Farm update: September 20

Autumn is very much on its way here at Quiet Farm. Overnight lows plunge to the mid-40s, though our daytime temperatures remain in the mid-80s. The plants are all starting to look a bit tired, a bit yellowed, a bit lackluster. The seasonal transition has begun, and we are looking forward to the slower rhythms of late fall and winter. This remains an exceptionally busy time for us; here are a few things we’ve been up to, if you’d like to see.

One day’s harvest of an easy twenty-five pounds.

Despite a rough start, we’ve had a spectacular year for tomatoes. We planted about sixty tomato plants of about fourteen different varieties, and our yields have been simply staggering. We’ve grown full-size heirlooms that I never thought possible, believing that our growing season was simply too short, and the smaller cherry and grape tomatoes have done well too. Every night for weeks now there’s been a fresh tomato salad with supper, and we’ve put up sauce, soup and salsa for a warm and nourishing winter. I never, ever tire of fresh tomatoes, and since we don’t eat storebought tomatoes, we’re getting our fill now. We will miss these gorgeous things until next summer.

Spotted on an evening irrigation check.

As we’ve spoken of many times here, we focus our efforts on improving our land and our soil, and one of the best ways we can do that is by encouraging both native plants and the pollinator population. Monarch butterflies are an iconic pollinator species; the western U.S. monarch population is currently traveling south on its fall migration. The monarch caterpillar (Danaus plexippus) shown above feeds exclusively on milkweed; once the caterpillar has transformed into a butterfly, it has a much more varied diet. Unfortunately, milkweed is also toxic to livestock, so ranchers regularly treat pasture milkweeds with toxic herbicides – which is why the monarch population is declining, because the larvae cannot survive without these plants. We keep camelids here at Quiet Farm, and have spent hours worried about our animals becoming ill from consuming milkweed in our pastures; obviously, we’re not going to spray and we don’t particularly want to pull all these host plants.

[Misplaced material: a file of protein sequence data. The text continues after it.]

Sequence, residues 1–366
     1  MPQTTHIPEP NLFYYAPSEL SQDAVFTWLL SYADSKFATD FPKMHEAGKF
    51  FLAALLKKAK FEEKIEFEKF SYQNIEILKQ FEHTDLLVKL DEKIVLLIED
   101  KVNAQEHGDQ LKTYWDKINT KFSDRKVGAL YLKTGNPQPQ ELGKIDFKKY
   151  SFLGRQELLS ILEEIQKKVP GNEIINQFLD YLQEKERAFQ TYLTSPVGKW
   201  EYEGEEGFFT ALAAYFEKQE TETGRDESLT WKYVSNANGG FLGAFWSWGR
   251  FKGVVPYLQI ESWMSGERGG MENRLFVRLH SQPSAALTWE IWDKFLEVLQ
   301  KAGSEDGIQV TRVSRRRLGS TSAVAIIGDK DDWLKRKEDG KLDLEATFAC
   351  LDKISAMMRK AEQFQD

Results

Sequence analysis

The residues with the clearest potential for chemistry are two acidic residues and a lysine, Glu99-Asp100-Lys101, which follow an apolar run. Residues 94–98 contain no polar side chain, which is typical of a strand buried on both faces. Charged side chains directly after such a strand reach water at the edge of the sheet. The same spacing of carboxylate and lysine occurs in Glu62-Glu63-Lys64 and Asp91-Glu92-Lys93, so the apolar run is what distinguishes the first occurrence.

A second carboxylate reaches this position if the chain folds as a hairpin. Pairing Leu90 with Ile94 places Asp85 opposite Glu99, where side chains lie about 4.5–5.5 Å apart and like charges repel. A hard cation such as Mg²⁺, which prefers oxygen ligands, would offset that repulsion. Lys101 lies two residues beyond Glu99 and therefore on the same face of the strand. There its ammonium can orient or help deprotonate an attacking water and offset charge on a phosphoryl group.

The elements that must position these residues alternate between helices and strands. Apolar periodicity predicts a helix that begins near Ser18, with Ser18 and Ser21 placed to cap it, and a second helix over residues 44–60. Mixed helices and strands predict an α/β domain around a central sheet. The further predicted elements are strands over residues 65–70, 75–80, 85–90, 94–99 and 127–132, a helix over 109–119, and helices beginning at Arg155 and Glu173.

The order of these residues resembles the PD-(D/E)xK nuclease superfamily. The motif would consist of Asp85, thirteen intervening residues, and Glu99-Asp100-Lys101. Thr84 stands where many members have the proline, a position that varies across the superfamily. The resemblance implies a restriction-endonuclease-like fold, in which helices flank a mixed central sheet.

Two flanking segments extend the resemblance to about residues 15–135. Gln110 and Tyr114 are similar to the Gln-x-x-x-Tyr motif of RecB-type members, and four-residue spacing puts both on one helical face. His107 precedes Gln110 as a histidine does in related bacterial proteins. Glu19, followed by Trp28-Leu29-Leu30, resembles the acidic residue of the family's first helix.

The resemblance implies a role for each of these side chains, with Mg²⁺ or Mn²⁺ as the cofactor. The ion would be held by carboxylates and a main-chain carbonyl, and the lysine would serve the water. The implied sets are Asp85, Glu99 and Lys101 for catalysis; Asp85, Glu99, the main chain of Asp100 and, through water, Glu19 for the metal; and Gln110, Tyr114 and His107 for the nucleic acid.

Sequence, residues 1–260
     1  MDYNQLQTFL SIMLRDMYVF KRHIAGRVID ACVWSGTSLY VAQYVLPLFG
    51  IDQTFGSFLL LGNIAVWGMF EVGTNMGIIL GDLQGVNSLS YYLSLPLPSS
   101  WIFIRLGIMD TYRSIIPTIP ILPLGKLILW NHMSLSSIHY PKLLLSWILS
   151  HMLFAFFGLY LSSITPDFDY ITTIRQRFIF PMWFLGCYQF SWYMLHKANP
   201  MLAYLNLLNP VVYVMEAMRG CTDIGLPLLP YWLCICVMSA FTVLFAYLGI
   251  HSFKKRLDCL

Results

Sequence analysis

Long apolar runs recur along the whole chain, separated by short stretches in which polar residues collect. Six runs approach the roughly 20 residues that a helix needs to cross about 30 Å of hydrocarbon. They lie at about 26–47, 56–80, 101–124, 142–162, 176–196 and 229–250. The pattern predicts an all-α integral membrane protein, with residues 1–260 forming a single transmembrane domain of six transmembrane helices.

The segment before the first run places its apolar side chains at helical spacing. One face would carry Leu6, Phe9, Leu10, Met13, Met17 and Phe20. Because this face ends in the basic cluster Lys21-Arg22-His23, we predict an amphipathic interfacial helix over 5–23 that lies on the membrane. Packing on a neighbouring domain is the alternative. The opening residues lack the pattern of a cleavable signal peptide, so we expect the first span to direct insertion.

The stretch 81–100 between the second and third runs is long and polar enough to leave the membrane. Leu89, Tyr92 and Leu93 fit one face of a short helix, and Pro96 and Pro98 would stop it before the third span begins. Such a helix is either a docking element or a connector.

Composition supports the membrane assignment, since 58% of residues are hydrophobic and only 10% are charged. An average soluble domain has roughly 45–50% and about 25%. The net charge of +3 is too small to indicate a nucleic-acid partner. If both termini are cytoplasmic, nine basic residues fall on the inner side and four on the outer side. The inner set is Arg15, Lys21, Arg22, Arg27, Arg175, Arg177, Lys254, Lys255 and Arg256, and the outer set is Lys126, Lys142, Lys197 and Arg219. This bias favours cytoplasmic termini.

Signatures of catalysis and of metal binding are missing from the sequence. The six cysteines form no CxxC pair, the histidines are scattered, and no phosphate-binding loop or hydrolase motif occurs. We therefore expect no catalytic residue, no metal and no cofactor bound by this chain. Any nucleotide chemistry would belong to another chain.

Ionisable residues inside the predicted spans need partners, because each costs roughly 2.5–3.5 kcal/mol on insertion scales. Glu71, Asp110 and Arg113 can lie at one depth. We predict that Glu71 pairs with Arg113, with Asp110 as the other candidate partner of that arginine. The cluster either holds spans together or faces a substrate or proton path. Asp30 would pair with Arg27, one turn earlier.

After extensive research, our solution – for the moment – is to let things stand as they are. Hardy alpacas and llamas, native to the high Andes, aren’t nearly as delicate as domesticated cattle and sheep, so are far less likely to become sick. Plus, we’re intentionally cultivating a mixed pasture, with lots of different plants for our animals to graze; the likelihood of any of our animals eating enough milkweed to become seriously ill is slender indeed. There are never perfect methods of pasture management, but we’re working hard at figuring out what we can do to maintain balance.

Beautiful photo. Terrible plant. Just look at its horrible weaponry!

One thing that is very much not in balance is our puncturevine population. The farm is absolutely overrun with this heinous plant this year, and we’ve spent countless hours trying to eradicate it – pulling by hand, obviously, as dousing the entire farm in glyphosate is clearly not an option. Puncturevine (Tribulus terrestris) is an invasive weed, uniquely adapted to our desert climate, that grows where few other plants will; most infuriatingly, the seeds can remain dormant in the soil for seven to ten years. While we’re happy to let neutral weeds, like purslane and mullein, grow freely, the puncturevine burrs are harmful to humans and animals – and bicycle tires, too. For reasons unknown to us, this year conditions were absolutely perfect for puncturevine to take over our land and so it has. We are hoping that we’ve removed most of it, but we know that some of those viciously sharp little seeds are simply biding their time until next year. Or the year after that. Or the year after that. The battle continues.

The Quiet Farm pumpkin patch.

We’ve done well with winter squash this year, though as usual there are some squashes that didn’t exactly breed true – always a risk with saved seeds and limited isolation practices. Squash plants are a reliable harbinger of fall; ours usually start showing signs of powdery mildew, and the vines themselves start to fade and turn a bit crispy. I usually trim immature fruit so that the plant devotes all its energies to ripening the larger fruits, but this year I’ve mostly left the squash patch to its own devices. Depending on the variety, most pumpkins start out dark green with stripes; the fruits turn the classic bright orange in the same way leaves change color on deciduous trees. These jack o’lantern pumpkins yielded nicely; they’ll be cured for winter storage and won’t be carved but instead used for soups, curries and muffins.